Later in January, Frate agreed to meet with Horry County Council at Wooten’s request despite his own misgivings about getting involved.

“Thoughts on my attending as requested by Commissioner Wooten?,” Frate wrote. “I am sensitive to deferring local issues to the locals and not getting unnecessarily drawn in, but if I attended I would only stick to the facts as I have done to this point.”

In a Jan. 23, 2014 email, Wooten specifically asked Frate to travel to the coast for a special meeting between Frate, Wooten and Horry County Council members.

“Doug, I spent some time speaking with Gary Loftus this morning. I think it’s time for Horry County Council to hear the rest of the story.”

“Can you possibly come down to Conway next Tuesday or Thursday for a meeting (sic) the Admin Committee of County Council? We will go into executive session (contractual matter) but they need the opportunity to hear directly from you what the story is.”

That meeting took place on Feb. 6, 2014, at 5 p.m. at an Horry County Council workshop. An agenda posted online for that meeting indicates an executive session was held, though no contracts with Coast RTA were on the agenda for that meeting and Coast RTA is not a county agency.

State law Section 30-4-70 regarding open meetings is specific about what matters may be entertained in executive session:

“Before going into executive session the public agency shall vote in public on the question and when the vote is favorable, the presiding officer shall announce the specific purpose of the executive session,” the law states.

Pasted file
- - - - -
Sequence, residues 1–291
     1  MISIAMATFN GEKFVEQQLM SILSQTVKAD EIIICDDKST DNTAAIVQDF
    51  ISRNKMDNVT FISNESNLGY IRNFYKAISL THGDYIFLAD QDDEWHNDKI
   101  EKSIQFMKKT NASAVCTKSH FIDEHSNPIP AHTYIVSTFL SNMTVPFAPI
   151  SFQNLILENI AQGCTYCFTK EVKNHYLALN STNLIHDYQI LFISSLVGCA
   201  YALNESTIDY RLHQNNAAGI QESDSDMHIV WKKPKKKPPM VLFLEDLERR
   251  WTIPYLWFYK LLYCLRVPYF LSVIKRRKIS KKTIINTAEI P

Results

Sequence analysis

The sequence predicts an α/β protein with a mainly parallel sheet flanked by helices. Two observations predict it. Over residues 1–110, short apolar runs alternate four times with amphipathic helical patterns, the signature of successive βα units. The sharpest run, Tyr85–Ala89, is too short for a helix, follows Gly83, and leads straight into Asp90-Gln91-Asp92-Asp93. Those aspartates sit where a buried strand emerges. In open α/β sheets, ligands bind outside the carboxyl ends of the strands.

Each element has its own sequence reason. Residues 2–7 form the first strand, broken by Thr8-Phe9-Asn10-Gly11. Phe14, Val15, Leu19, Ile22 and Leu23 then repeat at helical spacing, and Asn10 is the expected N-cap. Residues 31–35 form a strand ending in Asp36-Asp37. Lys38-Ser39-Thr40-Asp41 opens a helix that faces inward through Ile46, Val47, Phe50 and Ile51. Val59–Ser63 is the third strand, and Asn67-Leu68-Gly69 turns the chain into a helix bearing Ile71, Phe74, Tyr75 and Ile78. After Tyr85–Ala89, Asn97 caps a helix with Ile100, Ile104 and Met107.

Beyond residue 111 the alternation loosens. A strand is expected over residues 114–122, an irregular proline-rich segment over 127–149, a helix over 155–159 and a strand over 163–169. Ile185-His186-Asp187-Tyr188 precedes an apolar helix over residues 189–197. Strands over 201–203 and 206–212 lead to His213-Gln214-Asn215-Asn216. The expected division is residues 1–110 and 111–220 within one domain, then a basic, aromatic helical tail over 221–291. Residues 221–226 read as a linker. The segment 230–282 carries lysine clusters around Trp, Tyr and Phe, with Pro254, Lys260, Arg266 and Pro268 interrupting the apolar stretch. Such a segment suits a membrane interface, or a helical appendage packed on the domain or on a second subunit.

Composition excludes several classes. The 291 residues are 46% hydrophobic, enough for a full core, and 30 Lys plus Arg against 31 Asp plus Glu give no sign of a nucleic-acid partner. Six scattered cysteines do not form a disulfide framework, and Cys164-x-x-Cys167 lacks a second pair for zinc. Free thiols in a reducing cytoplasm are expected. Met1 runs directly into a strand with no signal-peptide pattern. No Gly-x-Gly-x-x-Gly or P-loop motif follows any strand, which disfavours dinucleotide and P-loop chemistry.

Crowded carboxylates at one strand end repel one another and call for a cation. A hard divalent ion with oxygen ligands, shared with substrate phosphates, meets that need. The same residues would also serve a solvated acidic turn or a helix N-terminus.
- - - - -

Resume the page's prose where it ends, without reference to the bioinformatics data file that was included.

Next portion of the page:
“No action may be taken in executive session except to (a) adjourn or (b) return to public session. The members of a public body may not commit the public body to a course of action by a polling of members in executive session.

The reason given for executive session, according to council chairman Mark Lazarus in a video of the meeting available online and reviewed by The Nerve, was that it was a “matter of most importance (sic) we must talk about,” Lazarus said. Council voted unanimously to go into executive session, and upon coming out Lazarus asked Horry County attorney Arrigo Carotti to explain the session.

“While in executive session council engaged in discussions incident to proposed contractual arrangements, and while in executive session no decisions were made and no votes were taken,” Carotti said.

At the end of Horry County Council’s next full meeting on Feb. 18, Lazarus announced the formation of a committee to “look into” Coast RTA.

Mark Lazarus, Horry County Council.
Mark Lazarus, Horry County Council.

“I’ve got some serious concerns after talking to council members in light of some of the recent news articles and some of the things that have been going on,” Lazarus said at the meeting. “I’ve got some concerns about the future funding that we fund from this body for Coast.”

“I want to make sure we’ve got a fresh set of eyes looking at this so they can bring some information back to us as council as we begin our deliberations on our budget and make that we’ve got some good information.”